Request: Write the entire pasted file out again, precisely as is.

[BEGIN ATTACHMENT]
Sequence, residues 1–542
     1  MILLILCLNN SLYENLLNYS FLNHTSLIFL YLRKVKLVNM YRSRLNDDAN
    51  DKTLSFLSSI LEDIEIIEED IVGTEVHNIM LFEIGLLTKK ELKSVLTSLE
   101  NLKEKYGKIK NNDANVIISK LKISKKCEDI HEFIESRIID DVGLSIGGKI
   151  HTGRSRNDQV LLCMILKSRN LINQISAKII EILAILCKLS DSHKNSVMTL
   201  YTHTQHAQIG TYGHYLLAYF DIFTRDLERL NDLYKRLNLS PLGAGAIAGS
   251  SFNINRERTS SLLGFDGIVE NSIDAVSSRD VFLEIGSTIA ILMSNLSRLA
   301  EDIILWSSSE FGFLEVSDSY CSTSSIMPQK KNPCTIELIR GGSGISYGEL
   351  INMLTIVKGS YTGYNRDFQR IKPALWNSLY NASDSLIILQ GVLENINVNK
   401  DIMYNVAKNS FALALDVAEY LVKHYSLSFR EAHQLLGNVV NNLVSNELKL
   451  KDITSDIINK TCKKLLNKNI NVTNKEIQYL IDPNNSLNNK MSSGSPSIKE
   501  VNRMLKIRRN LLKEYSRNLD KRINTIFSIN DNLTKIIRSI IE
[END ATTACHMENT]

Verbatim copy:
Sequence, residues 1–542
     1  MILLILCLNN SLYENLLNYS FLNHTSLIFL YLRKVKLVNM YRSRLNDDAN
    51  DKTLSFLSSI LEDIEIIEED IVGTEVHNIM LFEIGLLTKK ELKSVLTSLE
   101  NLKEKYGKIK NNDANVIISK LKISKKCEDI HEFIESRIID DVGLSIGGKI
   151  HTGRSRNDQV LLCMILKSRN LINQISAKII EILAILCKLS DSHKNSVMTL
   201  YTHTQHAQIG TYGHYLLAYF DIFTRDLERL NDLYKRLNLS PLGAGAIAGS
   251  SFNINRERTS SLLGFDGIVE NSIDAVSSRD VFLEIGSTIA ILMSNLSRLA
   301  EDIILWSSSE FGFLEVSDSY CSTSSIMPQK KNPCTIELIR GGSGISYGEL
   351  INMLTIVKGS YTGYNRDFQR IKPALWNSLY NASDSLIILQ GVLENINVNK
   401  DIMYNVAKNS FALALDVAEY LVKHYSLSFR EAHQLLGNVV NNLVSNELKL
   451  KDITSDIINK TCKKLLNKNI NVTNKEIQYL IDPNNSLNNK MSSGSPSIKE
   501  VNRMLKIRRN LLKEYSRNLD KRINTIFSIN DNLTKIIRSI IE